Ideally you would want the noise estimator to be invariable to the fixed noise in the image for example by correcting the image with a proper master dark. Because otherwise it would falsely overestimate the level of random noise in the image.
Posted 16 June 2011 - 10:59 AM
Posted 16 June 2011 - 11:19 AM
Craig Stark also did this analysis and concluded the same as you have. You can read his paper here:
For planetary imaging I think you make a good case that higher capture depth may limit the frame rate in such a way that the result is less than expected. Still I would like to see an experiment done of exposing a gray card in 8 & 12 bit mode using a range of gains and exposure time normally used in imaging, and actually measuring the signal to noise for different stack sizes.
Posted 16 June 2011 - 11:30 AM
I think it would be better if instead I had said that you could not keep gaining bits if you stacked an infinite amount of extremely low noise 8-bit frames. In practice those extremely low noise 8-bit frames are difficult to come by (or in other words: imaging in 12-bit is hardly ever worthwhile)
Edit: Thanks for link Glenn, I'm rather good at reinventing the wheel sometimes...I should have used the term 'quantization errors', because that is basically what is plotted in the 8-bit graph when the line goes up again: the noise is too low to overcome quantization errors. Note that the same upwards curve is also present in the 12-bit condition, but it is much smaller and starts at a lower noise level (and I kinda forgot to plot it. I will make a new plot for that and post it here)
Posted 16 June 2011 - 11:45 AM
So image Saturn at 8 bit, and Jupiter at 12 bit, or just 8 bit all the time?
Posted 16 June 2011 - 12:00 PM
So image Saturn at 8 bit, and Jupiter at 12 bit, or just 8 bit all the time?
I use 8 bit pretty much all the time for planets. Occasionally in nearly perfect seeing I'll switch to 12-bit. Anthony Wesley advocates the use of 12-bit for getting better S/N in single-frames for scientific purposes (i.e., the light curve of the fireball that he and Chris Go captured last year). Given the rarity of such events, I'm not filling up hard drives with 12-bit data "just in case". After all, if you catch a fireball it's going to be in S&T, Spaceweather, and a dozen other places regardless of whether it's 8 or 12 bit data. What's worse is that you might run out of hard drive space capturing 12-bit and miss the fireball altogether! Hahaha.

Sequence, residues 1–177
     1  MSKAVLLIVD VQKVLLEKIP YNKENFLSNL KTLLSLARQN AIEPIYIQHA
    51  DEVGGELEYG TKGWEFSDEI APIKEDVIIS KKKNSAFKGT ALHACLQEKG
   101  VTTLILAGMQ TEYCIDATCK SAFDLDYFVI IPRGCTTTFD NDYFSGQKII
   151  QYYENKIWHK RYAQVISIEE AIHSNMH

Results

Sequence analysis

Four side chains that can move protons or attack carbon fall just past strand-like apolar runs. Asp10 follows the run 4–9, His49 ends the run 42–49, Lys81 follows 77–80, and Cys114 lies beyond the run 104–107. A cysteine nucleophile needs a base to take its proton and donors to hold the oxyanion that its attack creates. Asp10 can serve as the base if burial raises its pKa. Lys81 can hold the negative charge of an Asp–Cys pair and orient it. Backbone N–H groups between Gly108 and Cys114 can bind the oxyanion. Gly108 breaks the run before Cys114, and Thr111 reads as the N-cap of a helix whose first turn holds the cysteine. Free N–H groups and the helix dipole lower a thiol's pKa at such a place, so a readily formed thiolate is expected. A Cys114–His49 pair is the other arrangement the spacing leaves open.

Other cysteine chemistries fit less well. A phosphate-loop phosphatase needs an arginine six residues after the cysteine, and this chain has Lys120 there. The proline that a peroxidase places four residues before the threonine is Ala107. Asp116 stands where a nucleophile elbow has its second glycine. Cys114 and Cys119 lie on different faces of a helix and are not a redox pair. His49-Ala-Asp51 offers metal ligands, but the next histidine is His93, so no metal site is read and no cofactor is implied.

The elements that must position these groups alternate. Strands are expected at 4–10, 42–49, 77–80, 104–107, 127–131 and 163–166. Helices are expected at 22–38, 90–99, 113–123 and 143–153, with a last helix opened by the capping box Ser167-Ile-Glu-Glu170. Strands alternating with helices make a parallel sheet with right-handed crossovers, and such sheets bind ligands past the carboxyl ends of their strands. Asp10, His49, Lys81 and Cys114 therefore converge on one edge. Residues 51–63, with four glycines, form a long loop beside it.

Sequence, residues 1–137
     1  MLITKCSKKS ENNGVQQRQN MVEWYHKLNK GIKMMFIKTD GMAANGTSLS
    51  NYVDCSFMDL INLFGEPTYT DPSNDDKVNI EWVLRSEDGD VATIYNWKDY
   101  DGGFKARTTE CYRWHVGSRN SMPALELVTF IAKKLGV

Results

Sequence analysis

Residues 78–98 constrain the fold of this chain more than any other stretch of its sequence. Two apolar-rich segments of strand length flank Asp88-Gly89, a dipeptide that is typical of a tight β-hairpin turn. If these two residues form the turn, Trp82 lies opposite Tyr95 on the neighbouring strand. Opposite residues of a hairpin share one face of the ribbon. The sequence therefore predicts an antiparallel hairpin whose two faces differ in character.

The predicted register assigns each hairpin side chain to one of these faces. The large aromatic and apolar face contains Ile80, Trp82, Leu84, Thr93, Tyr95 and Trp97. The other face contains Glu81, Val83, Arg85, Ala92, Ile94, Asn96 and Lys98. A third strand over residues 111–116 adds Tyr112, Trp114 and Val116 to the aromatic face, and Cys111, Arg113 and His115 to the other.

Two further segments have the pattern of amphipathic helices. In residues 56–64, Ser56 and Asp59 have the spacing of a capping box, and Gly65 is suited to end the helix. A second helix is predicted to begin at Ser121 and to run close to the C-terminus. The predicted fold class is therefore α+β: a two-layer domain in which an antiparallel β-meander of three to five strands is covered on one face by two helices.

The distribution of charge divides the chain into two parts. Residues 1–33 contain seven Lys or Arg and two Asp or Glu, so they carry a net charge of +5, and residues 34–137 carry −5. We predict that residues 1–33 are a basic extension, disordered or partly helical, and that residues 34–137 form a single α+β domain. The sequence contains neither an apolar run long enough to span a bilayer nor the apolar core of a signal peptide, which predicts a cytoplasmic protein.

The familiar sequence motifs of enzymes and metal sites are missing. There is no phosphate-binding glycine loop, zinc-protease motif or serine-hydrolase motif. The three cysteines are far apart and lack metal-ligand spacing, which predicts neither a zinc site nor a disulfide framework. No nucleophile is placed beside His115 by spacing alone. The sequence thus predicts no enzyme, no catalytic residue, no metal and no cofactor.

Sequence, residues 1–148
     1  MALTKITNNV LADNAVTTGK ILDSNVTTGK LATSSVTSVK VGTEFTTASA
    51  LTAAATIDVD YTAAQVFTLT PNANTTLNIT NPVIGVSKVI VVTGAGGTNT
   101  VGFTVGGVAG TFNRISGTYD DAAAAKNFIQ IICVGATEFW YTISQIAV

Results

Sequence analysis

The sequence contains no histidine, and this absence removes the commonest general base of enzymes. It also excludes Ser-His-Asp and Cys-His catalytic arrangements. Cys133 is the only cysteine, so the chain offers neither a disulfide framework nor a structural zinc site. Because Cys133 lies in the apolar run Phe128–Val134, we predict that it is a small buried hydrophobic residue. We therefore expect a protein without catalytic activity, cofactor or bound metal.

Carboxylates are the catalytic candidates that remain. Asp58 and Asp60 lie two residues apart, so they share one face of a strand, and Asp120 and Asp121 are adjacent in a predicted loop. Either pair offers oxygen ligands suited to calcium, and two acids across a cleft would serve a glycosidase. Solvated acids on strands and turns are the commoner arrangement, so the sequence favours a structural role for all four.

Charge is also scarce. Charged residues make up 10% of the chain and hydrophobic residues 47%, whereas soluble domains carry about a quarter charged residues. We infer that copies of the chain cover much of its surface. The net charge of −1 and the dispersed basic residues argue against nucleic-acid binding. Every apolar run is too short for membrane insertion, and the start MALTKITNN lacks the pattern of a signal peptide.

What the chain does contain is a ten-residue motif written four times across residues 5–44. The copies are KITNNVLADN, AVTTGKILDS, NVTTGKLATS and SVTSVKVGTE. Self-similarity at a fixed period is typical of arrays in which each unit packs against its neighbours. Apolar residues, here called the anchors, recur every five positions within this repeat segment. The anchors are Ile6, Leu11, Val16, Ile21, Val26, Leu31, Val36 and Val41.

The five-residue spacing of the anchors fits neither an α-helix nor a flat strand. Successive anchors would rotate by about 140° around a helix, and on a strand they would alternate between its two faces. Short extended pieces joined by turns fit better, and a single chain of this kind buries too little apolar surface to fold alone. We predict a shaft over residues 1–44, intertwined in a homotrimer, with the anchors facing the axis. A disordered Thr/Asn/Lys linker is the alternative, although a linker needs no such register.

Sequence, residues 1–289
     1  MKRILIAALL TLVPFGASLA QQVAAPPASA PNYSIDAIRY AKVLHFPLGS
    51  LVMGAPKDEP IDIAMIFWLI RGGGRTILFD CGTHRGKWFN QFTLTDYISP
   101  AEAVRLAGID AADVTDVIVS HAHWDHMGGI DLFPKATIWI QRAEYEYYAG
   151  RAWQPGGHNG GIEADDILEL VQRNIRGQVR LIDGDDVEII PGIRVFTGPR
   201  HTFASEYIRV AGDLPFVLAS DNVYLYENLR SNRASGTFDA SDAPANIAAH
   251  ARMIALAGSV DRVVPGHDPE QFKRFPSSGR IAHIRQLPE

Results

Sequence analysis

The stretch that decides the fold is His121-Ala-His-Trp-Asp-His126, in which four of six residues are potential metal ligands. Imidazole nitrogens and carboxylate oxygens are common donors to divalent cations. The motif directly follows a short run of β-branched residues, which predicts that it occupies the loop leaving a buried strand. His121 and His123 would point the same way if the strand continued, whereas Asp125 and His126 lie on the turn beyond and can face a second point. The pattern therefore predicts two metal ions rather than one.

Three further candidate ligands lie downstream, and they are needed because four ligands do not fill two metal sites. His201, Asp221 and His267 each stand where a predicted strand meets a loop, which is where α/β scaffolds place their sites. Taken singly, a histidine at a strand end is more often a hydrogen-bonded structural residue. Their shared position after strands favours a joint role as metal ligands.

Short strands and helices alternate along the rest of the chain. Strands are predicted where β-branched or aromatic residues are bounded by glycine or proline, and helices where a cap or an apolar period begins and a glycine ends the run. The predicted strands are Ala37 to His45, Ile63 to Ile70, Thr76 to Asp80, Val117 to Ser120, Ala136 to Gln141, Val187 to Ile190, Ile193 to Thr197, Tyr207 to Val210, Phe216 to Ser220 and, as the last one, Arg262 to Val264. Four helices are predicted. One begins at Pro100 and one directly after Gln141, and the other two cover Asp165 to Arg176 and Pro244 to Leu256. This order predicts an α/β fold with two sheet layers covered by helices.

Seriously, though if we go back to this thread from last fall, you'll see that even in pretty good seeing, the differences between 8 and 12 bit are negligible at best.
8 v 12 bit Jupters
Note that I still haven't mentioned which of the images at the end is 8 and which is 12.
For those who aren't energetic enough to click through, here's my only "conclusion" from the time I spent on this:
from the realistic perspective of whether 12 bit capturing is worth the effort I think the "real world" (or as close as comparisons like this get) are fairly instructive. I wouldn't go buying a new hard drive, for example, to allow me to capture in 12 bit mode. I just don't see enough difference. For imagers that want to make sure they capture every last bit of detail in perfect seeing, then switching to 12 bit will probably be worthwhile.. but for us schmucks in average seeing, it's probably not worth the extra disk space to capture in 12-bit routinely.
Posted 16 June 2011 - 12:21 PM
Posted 17 June 2011 - 01:40 AM
Interesting discussion, thanks to Emil for starting this !
I just read the paper of Craig stark, most of his points of view seem logical but one thing he seems to have forgotten.
Although the images he shows at different bitdepths do look a lot alike each other they might be more different than we currently can see. If we would only stack images and not do any processing (sharpening) afterwards you would not notice the differences. But if you are going to use - for instance RegiStax - to sharpen your image the differences will be suddenly rather visible. Sharpening images after stacking expands the minor differences in adjacent pixelintensities. If those differences are more gradual the sharpening will give nicer results, thats why larger stacks tend to be (if your images are at least of a decent quality) able to allow more subtle sharpening.